Natural History Note – Blue Green Algae in Winter

Blue green algae in Malletts Bay. Photo by Angela Shambaugh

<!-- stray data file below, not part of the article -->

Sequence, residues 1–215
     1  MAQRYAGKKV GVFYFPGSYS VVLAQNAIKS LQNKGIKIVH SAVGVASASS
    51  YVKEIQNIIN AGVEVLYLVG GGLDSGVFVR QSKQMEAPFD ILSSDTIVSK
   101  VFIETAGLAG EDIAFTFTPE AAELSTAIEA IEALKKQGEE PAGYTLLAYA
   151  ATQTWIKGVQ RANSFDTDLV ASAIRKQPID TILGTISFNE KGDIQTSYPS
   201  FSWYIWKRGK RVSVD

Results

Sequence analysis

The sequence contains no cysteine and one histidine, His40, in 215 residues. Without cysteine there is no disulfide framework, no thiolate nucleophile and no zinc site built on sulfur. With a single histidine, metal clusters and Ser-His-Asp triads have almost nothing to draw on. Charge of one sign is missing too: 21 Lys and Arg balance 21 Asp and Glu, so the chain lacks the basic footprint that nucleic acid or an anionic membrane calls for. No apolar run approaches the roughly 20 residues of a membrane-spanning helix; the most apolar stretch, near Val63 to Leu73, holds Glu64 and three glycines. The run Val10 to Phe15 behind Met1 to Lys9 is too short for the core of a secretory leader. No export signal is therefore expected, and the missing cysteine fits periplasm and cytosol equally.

As summer fades to winter blue-green algae blooms become but a memory.   But what actually happens to the algae? Well, it depends on the species. Some blue-green algae produce specialized resting cells called akinetes that settle to the bottom of the lake and essentially hibernate through the winter. Development of akinetes is triggered by both declining light levels and declining temperature. Other blue green algae produce colonies that are either buoyant or not. As winter approaches, change in light and water temperature lead to an increase in proportion of non-buoyant colonies. These cells settle to the bottom where they continue to remain active and even divide, though at a much reduced rate. Come spring, when wind and wave stir the bottom sediments, the algae are re-suspended. Models developed in the Netherlands suggest that if there were no recruitment of algae from the bottom, summer blooms would be reduced by 50%.